EV advocates say rate changes could pave way for more chargers
The state needs more businesses to step up to host fast electric vehicle charging stations, part of a plan to create a 600-mile corridor of chargers between Homer and Fairbanks.
But as it stands, hosting a charging station in Alaska is expensive. That’s why utilities are rethinking their rate structures, to make hosting more attractive and incentivize EV use around the state. Homer Electric Association and other Alaska utilities filed their plans with the state’s regulatory agency last month.
The news excites EV advocates like Paul Clayton, of Homer. He travels between Homer and Anchorage a good deal for work but has to use his gas car in the absence of consistent fast chargers.
"I would upgrade to a new car, a new EV in a heartbeat, as soon as the public here gets those stations up and running," he said.
The charging corridor plan is sponsored by the Alaska Energy Authority, a public corporation of the state. It’s paying some station installation and maintenance costs with money from a 2017 Volkswagen settlement.
But the businesses that will land those chargers on their properties have to pay for their own electricity. Fast chargers – which can charge EVs in under an hour – consume large amounts of energy.
That’s why the Regulatory Commission of Alaska said utilities could create new rate designs to take high-demand charges out of the equation for now. Each utility has to propose its own rate structure to the commission.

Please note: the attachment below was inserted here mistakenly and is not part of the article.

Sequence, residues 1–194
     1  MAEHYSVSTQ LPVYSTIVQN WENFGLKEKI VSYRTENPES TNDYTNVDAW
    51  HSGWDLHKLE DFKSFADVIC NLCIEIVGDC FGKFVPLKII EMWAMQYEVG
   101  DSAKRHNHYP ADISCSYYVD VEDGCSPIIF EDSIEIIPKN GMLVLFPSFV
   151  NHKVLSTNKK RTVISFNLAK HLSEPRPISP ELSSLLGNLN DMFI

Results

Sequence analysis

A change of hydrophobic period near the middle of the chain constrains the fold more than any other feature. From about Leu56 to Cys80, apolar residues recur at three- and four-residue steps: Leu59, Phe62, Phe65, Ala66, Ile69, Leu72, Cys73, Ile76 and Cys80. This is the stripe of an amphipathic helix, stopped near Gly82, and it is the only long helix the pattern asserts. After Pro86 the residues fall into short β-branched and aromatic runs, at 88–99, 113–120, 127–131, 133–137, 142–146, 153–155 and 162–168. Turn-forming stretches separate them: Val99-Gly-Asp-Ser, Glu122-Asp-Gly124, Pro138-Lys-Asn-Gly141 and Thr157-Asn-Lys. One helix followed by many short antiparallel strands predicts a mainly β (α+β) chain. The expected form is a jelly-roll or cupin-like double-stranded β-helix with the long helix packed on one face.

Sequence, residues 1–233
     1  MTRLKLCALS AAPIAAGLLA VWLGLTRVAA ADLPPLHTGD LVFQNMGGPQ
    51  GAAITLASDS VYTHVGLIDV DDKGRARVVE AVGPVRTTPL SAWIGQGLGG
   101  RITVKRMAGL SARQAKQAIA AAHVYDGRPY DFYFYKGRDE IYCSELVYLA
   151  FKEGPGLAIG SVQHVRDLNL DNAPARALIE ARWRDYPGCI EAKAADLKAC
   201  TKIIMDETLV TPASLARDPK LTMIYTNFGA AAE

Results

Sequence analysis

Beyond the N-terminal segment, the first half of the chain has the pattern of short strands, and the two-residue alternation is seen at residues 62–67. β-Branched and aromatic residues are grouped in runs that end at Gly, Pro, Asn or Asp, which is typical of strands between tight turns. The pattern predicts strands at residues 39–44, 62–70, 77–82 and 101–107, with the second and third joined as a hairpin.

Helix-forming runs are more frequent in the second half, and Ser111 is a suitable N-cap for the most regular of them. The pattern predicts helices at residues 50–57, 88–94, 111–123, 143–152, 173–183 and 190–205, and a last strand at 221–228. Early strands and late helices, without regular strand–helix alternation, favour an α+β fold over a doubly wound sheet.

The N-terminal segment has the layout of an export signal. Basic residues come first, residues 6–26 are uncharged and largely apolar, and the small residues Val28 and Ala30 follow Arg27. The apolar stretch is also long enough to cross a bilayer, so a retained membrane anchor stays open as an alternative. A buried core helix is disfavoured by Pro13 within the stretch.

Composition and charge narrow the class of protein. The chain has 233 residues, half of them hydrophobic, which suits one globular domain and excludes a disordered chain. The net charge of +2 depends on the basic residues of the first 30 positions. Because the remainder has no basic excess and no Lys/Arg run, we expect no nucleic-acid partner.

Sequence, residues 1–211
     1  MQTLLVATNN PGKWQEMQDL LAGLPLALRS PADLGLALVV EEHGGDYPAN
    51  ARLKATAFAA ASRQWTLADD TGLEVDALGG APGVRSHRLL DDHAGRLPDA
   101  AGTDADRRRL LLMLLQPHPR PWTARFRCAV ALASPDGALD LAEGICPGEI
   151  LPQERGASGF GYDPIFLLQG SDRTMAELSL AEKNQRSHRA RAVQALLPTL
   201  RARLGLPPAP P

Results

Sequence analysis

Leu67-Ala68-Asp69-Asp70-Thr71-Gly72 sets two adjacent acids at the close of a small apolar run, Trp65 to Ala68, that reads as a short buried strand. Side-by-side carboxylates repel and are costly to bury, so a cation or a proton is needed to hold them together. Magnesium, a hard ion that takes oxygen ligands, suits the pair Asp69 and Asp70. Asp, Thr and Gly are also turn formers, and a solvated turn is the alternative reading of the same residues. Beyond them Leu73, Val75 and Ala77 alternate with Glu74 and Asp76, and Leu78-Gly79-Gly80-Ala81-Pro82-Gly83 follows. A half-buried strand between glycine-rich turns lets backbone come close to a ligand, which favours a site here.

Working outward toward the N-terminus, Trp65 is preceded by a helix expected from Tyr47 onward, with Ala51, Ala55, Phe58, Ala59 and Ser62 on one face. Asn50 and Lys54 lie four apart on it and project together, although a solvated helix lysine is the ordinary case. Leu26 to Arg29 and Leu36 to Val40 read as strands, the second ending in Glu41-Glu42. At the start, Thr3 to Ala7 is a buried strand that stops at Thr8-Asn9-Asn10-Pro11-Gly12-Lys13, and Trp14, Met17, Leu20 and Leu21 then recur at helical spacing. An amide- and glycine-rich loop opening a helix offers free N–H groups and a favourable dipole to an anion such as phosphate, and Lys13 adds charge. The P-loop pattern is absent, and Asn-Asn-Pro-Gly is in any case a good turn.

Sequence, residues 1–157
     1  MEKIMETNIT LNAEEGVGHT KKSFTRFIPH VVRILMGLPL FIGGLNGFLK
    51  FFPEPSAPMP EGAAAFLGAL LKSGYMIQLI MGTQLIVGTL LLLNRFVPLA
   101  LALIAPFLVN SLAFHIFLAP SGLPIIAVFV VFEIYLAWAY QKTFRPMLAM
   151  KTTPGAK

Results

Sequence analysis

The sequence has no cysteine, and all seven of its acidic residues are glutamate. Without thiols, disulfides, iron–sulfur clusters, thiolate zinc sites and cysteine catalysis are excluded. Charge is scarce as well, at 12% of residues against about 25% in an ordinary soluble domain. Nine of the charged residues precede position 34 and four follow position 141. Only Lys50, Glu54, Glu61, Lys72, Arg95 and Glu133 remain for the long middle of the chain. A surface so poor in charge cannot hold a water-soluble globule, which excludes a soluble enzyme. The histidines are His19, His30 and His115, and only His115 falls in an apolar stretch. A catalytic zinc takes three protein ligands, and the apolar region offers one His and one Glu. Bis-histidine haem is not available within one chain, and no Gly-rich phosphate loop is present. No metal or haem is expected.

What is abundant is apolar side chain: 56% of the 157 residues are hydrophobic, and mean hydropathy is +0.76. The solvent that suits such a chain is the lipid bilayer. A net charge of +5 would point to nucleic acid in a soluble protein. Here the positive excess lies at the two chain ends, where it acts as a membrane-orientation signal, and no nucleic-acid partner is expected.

HEA's proposed rate change, filed with the commission in January, would bring costs for fast charger hosts in line with residential charging rates and could add between $1 and $2 to ratepayers’ annual bills.
Michelle Wilber is part of the Alaska Electric Vehicle Working Group, which has been working on the EV corridor plan. She took a look at several filings and said utilities took different approaches to the problem.
“There seemed to be two different choices of how to do this between different utilities," Wilber said.
Those different approaches hinge on one part of the equation, called the load factor — "an assumption of the amount of time the station might be used," she said.
HEA chose a load factor of 50 percent, and Chugach Electric – which covers Anchorage and part of the Kenai Peninsula – chose load factors close to 50 percent.
J.D. Draves, HEA's manager of regulatory affairs and rate design, said the co-op knows chargers in its area won’t be used 50 percent of the time. But he said the 50 percent load factor makes electricity costs for hosts more affordable across the board. Someone who hosts a public station would pay about the same as someone who has a slow charger at home and pays a residential rate.
The flipside is that HEA might lose money from the new rate structure, though that’s not a given, either. Most EV charging happens at home. And as more people buy EVs and charge them at their houses, HEA could actually add load to the grid, which could save ratepayers money in the long term.
“We’re banking in the long run of getting that penetration, going up that curve faster," Draves said. "In the long run it will be a money saver for the cooperative member. So it’s kind of like an investment.”
On the other side, Golden Valley Electric and Matanuska Electric – in the Interior – chose 5 percent as their load factors. Their rationale there, Wilber said, was the fast chargers probably won’t be used very much.
“Considering that many EV owners, currently at least, have a place to charge at home and do most of their charging at home, that puts most of the fast charging that you do when you’re out in a special charging category," Wilber said.
In a way, the utilities are all just taking shots in the dark. They don’t have much data yet on how EVs will be used in their areas. HEA said there are only about 50 EVs active in its service area today.
EV advocates like Clayton, in Homer, hope the addition of new chargers will change that.
"As a many-decade Alaskan, I’ve been waiting for this for a long time," he said. "I’m pretty excited about it.”
The Regulatory Commission of Alaska is taking comments on the utilities’ proposals through the end of the month. You can find HEA's notice here.